Petrified Forest, Relationships Grouped: Natural Monuments

As I have been stumbling to explain, my plein air experience is infinitely larger, more amazing and important, than my plein air paintings. It’s inevitable, the smells, the sights, the history, the culture, geology, geography, the wind and sun and sky — only tiny bits of this can be encompassed in any single painting. And so, trying to give a slightly greater insight into the experiences of the paintings, I have grouped seventeen of them from the Petrified Forest into five “sets.”  My hope is that each of these sets has its own “verse” which then resounds into a greater chorus of the whole.

I’m going to go through the sets, one at a time, over the next couple of weeks. This is set #1, Natural Monuments:

Natural Monuments: Petrified Logs, The Tepees, Blue Mesa Hoodoo, Oil on masonite, 2010

These are all paintings I’ve shown previously as individual paintings. These three have a similarity of style, which is due to the way I painted them, of course, but is also related to the nature of the formations themselves. The Logs are the smallest of the “monuments,” being about 3 — 5 feet in length. The Tepees are the largest, perhaps 200–300 feet high. The Hoodoos are perhaps 6 –8 feet. And yet each stands apart from its neighbors, forming some kind of isolated grandeur. The logs are not eroded; they are hard minerals. But the hoodoo and the Tepees are both part of the formations that wind and water sculpt and shape, the hoodoos of hardish sandstone, the Tepees of concentrated ash and clay.

So these are all of a kind and yet differentiated and isolated, grand in their separate ways. As the first set, they practically chose themselves.

In general, the pulling together of the sets was remarkably easy. In part, the colors helped choose the sets, but in part, the landscape and environment forced the style of the painting.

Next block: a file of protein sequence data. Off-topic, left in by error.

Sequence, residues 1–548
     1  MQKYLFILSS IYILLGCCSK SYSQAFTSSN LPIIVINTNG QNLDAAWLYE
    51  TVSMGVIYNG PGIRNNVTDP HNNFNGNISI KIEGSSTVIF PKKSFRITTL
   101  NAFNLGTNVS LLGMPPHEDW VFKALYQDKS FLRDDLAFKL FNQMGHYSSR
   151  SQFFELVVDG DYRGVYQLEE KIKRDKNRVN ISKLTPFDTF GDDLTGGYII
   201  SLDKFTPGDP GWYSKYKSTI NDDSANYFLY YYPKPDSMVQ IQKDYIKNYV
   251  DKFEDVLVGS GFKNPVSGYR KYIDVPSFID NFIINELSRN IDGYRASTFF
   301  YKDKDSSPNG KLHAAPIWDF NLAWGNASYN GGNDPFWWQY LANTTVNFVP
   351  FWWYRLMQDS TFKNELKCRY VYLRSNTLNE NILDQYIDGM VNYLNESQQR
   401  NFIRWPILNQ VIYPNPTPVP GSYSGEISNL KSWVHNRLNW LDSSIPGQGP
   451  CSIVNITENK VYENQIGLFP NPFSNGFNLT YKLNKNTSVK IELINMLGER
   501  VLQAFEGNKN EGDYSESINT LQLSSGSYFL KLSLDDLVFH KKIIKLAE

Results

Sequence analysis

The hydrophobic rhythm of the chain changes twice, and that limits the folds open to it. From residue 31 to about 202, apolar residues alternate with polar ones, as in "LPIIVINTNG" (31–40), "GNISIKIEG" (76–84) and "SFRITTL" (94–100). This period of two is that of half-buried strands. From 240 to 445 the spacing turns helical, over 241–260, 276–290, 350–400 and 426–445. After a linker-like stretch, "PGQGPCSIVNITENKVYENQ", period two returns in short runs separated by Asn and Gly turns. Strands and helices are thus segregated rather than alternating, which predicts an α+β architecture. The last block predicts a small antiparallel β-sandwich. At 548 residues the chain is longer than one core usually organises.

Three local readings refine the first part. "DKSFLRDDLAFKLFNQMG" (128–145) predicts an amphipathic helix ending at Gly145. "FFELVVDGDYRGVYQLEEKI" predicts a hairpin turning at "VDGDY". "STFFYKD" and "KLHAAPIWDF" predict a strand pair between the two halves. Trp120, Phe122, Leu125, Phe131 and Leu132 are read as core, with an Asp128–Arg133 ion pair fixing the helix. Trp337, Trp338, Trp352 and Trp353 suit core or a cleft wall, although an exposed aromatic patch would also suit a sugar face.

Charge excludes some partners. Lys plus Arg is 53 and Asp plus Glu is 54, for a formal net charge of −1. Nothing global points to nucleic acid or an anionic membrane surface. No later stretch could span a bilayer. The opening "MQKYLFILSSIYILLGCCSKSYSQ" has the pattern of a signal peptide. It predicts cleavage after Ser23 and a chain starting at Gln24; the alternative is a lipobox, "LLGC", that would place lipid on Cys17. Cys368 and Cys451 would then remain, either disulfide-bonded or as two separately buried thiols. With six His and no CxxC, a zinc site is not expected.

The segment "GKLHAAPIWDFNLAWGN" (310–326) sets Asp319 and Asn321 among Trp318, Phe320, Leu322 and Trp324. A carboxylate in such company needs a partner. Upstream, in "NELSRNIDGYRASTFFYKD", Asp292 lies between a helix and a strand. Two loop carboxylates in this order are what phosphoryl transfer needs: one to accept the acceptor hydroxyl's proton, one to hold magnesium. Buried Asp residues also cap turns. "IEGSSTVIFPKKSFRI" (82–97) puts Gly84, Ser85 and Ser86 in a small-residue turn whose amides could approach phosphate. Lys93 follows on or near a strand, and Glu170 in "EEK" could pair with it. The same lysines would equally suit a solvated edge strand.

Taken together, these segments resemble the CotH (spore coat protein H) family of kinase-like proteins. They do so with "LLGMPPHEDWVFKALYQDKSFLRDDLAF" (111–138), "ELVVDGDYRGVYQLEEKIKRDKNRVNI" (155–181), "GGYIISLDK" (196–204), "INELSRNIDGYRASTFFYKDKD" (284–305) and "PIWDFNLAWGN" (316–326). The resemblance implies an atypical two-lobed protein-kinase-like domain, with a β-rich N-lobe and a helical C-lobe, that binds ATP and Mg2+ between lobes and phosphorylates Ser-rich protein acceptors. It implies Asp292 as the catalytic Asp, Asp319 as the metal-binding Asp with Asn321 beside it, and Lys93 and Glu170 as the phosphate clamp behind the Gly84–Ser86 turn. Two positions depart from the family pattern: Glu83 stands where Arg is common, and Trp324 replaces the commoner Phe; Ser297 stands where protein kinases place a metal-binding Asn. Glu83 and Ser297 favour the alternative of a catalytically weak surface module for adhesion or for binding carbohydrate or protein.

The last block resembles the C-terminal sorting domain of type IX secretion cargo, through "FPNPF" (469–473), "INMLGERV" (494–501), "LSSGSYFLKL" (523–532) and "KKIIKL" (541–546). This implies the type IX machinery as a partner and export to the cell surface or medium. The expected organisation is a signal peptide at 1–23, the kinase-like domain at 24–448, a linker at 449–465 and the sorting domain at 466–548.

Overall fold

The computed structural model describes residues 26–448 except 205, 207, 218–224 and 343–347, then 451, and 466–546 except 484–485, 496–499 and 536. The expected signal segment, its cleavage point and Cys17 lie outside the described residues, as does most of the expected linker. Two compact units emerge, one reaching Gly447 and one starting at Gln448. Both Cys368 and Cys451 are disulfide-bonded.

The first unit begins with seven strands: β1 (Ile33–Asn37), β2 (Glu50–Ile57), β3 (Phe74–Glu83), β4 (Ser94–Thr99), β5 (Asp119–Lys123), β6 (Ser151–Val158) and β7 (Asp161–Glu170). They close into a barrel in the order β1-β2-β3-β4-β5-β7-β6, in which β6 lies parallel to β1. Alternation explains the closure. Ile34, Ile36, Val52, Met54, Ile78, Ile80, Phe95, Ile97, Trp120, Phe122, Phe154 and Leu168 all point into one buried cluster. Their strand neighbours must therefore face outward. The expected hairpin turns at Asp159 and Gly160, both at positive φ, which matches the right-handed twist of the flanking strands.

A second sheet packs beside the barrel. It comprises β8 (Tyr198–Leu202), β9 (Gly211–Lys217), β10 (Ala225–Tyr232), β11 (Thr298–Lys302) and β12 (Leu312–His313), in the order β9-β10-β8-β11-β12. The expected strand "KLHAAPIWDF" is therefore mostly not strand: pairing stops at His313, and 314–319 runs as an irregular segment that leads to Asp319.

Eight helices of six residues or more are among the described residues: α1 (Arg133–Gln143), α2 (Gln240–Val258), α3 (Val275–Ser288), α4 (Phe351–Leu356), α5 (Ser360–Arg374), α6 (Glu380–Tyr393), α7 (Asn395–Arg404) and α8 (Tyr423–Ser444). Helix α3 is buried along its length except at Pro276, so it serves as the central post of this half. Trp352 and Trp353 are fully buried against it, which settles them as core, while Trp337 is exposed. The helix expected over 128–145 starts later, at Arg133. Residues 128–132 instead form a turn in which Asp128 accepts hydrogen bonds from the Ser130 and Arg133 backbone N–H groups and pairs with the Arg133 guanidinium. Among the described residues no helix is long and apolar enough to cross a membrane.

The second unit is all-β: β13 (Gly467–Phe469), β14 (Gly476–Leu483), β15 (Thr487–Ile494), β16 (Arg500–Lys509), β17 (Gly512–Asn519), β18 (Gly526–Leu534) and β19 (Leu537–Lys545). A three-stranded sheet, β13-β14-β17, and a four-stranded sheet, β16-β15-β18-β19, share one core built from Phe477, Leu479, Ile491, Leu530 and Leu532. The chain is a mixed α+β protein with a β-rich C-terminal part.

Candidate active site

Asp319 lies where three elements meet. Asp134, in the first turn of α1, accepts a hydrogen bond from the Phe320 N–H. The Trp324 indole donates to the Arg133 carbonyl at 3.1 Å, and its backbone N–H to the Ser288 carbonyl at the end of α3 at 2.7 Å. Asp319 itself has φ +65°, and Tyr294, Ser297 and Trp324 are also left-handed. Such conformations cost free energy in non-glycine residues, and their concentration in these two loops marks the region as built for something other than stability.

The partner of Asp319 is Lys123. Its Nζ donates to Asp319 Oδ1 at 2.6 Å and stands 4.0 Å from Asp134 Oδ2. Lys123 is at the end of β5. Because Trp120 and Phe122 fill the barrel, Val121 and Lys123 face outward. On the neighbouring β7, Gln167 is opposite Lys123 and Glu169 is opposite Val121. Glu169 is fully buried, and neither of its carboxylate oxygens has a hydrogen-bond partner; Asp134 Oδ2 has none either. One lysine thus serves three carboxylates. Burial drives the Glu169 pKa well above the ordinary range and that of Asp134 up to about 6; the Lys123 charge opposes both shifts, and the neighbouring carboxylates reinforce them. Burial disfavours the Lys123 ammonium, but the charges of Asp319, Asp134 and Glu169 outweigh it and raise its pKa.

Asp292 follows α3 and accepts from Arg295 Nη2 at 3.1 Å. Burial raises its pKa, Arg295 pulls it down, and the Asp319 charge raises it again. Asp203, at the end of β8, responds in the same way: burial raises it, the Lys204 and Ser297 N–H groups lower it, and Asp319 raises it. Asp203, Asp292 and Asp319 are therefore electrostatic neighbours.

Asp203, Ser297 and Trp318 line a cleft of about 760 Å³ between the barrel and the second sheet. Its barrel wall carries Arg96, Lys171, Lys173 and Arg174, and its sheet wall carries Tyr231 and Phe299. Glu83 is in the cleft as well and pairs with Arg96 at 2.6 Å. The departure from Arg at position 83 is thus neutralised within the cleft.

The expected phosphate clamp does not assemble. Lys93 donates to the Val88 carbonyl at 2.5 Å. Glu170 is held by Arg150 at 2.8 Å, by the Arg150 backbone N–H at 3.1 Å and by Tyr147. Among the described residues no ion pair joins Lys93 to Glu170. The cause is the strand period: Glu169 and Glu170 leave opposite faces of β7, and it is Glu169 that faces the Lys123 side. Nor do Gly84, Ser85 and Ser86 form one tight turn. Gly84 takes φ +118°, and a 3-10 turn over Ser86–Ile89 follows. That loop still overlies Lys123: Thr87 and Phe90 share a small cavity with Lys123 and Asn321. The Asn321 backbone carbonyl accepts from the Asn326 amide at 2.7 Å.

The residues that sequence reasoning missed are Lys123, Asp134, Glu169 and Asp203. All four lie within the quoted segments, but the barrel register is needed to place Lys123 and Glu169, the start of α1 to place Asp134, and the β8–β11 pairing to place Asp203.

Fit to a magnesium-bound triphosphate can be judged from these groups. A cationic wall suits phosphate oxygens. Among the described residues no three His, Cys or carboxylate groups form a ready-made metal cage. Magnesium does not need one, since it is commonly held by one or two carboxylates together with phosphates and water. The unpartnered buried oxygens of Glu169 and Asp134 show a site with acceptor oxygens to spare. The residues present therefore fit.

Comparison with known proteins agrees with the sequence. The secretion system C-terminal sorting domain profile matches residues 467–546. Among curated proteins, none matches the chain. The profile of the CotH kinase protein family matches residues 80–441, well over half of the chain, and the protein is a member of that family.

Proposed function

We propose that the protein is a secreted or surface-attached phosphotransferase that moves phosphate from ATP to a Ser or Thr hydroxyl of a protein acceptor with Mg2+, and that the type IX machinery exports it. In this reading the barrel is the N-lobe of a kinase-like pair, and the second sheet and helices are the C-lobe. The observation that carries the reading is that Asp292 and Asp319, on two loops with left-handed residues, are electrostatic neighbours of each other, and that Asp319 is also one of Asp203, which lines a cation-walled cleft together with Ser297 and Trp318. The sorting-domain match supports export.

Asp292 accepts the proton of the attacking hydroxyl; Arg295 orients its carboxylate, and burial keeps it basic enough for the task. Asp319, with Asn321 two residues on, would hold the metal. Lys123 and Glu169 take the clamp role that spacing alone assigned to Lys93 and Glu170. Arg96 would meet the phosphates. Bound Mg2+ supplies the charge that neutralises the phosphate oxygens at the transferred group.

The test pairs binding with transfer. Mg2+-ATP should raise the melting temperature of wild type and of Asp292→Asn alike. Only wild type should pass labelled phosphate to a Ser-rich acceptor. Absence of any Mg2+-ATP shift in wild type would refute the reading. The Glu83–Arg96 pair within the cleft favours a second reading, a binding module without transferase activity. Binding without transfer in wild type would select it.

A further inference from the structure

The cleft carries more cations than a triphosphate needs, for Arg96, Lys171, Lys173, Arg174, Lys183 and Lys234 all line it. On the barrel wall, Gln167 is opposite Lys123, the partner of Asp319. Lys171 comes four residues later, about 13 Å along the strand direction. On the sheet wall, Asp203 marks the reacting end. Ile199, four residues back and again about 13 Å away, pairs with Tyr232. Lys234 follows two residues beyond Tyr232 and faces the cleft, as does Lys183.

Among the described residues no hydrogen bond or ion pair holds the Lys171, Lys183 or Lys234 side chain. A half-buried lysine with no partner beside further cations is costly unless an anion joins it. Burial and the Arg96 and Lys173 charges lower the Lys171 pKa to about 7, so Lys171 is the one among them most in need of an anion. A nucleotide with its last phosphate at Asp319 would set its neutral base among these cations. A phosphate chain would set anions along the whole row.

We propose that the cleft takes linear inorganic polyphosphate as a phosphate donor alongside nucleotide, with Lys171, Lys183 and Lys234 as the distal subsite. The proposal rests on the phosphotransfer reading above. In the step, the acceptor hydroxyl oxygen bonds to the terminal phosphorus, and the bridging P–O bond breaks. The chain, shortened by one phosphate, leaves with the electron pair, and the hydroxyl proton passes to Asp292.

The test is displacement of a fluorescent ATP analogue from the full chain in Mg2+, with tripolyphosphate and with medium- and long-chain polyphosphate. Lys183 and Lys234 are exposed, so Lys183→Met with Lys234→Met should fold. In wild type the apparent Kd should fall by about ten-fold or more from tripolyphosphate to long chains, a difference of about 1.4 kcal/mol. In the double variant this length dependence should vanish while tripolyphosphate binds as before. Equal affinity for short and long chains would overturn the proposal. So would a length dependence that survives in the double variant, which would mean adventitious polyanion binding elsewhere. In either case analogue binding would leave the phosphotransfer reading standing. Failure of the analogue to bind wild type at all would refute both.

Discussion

This is the formalists’ heresy, that the style comes from outside the painter. Yet, for the plein air painter not to be manipulated by the  scene she is painting seems unfathomable to me. Just as I manipulate the scene, the scene forces me to paint in particular ways. It’s a mutual act, which results in a third thing — neither my vision nor the landscape itself, but something that is a force from both.

More next time. –June

In the continuation, I have the separate views of each of these paintings.

The Blue Mesa Hoodoo, 16 x 12″, oil on masonite, 2011.

Petrified Logs, 16 x 12″, Oil on masonite, 2010

The Tepees, 24 x 12″, oil on masonite, 2010

This entry was posted in Art, commentary, landscape, oil painting, Petrified Forest National Park, plein air, Representational painting and tagged , , . Bookmark the permalink.

3 Responses to Petrified Forest, Relationships Grouped: Natural Monuments

  1. Sheila says:

    Yes, the virtual conversations are a bit limiting and it would be better to be discussing this in your studio, perhaps with a cup of coffee or tea in hand. I have no problem looking at this series and seeing your style in them (oh look – it’s an Underwood!), although perhaps tamed down more in some than others. I’m with you, though, on your general premise. Yes, the artist does her share of transforming, but I do think some subjects do a lot of transforming of the artist. Perhaps it’s what leads some artists to think they have more than one style?


  2. june says:

    Hi Sheila,

    Here, the heresy is even more complicated, I think, but the complications only show up when various of these sets are looked at together. The vision, the reality, and the painting are at least three different items. But the heresy is that the reality will determine the style; many theories insist that the artist must inform and transform everything she presents, so the viewer can instantly recognize: “Oh, that’s a Barnes.”

    But when the scene dictates as strongly or stronger than the artist, the style gets muckled over. The scene can dictate the style. This becomes sort of obvious (at least to me) when I look at the groupings on my design wall, where the “Natural Monuments” are seen against the “Human Monuments” (the latter are buildings). And the wide landscapes are very different than these close-up simplified figures.

    I’m just blathering on, of course, because your comments always make me want to engage in conversations, actual as well as virtual. But virtual will have to do:-)


  3. Sheila says:

    I like this grouping – a lot of strength in the images.

    I’d have to agree with your heresy theory too. I can feel it even working with textiles. Something happens between vision and reality, between what you think you are portraying and what actually shows up on the surface. It’s the point of making art, don’t you think?


Leave a Reply

Fill in your details below or click an icon to log in: Logo

You are commenting using your account. Log Out /  Change )

Google+ photo

You are commenting using your Google+ account. Log Out /  Change )

Twitter picture

You are commenting using your Twitter account. Log Out /  Change )

Facebook photo

You are commenting using your Facebook account. Log Out /  Change )


Connecting to %s